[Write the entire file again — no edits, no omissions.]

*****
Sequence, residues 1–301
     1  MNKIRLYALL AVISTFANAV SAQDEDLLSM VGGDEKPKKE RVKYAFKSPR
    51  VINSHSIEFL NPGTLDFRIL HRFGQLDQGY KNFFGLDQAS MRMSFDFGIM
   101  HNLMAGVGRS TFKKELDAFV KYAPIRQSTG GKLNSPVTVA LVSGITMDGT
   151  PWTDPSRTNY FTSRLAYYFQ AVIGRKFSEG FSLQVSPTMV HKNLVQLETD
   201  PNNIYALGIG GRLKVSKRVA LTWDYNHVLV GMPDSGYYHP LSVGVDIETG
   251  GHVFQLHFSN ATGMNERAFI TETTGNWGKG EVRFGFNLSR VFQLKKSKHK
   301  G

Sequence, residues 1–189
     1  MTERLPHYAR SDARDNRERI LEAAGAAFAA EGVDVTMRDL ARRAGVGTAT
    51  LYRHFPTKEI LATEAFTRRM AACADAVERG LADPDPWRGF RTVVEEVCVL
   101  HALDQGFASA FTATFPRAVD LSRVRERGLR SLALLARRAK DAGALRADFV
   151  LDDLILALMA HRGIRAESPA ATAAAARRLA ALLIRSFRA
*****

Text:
Sequence, residues 1–301
     1  MNKIRLYALL AVISTFANAV SAQDEDLLSM VGGDEKPKKE RVKYAFKSPR
    51  VINSHSIEFL NPGTLDFRIL HRFGQLDQGY KNFFGLDQAS MRMSFDFGIM
   101  HNLMAGVGRS TFKKELDAFV KYAPIRQSTG GKLNSPVTVA LVSGITMDGT
   151  PWTDPSRTNY FTSRLAYYFQ AVIGRKFSEG FSLQVSPTMV HKNLVQLETD
   201  PNNIYALGIG GRLKVSKRVA LTWDYNHVLV GMPDSGYYHP LSVGVDIETG
   251  GHVFQLHFSN ATGMNERAFI TETTGNWGKG EVRFGFNLSR VFQLKKSKHK
   301  G

Sequence, residues 1–189
     1  MTERLPHYAR SDARDNRERI LEAAGAAFAA EGVDVTMRDL ARRAGVGTAT
    51  LYRHFPTKEI LATEAFTRRM AACADAVERG LADPDPWRGF RTVVEEVCVL
   101  HALDQGFASA FTATFPRAVD LSRVRERGLR SLALLARRAK DAGALRADFV
   151  LDDLILALMA HRGIRAESPA ATAAAARRLA ALLIRSFRA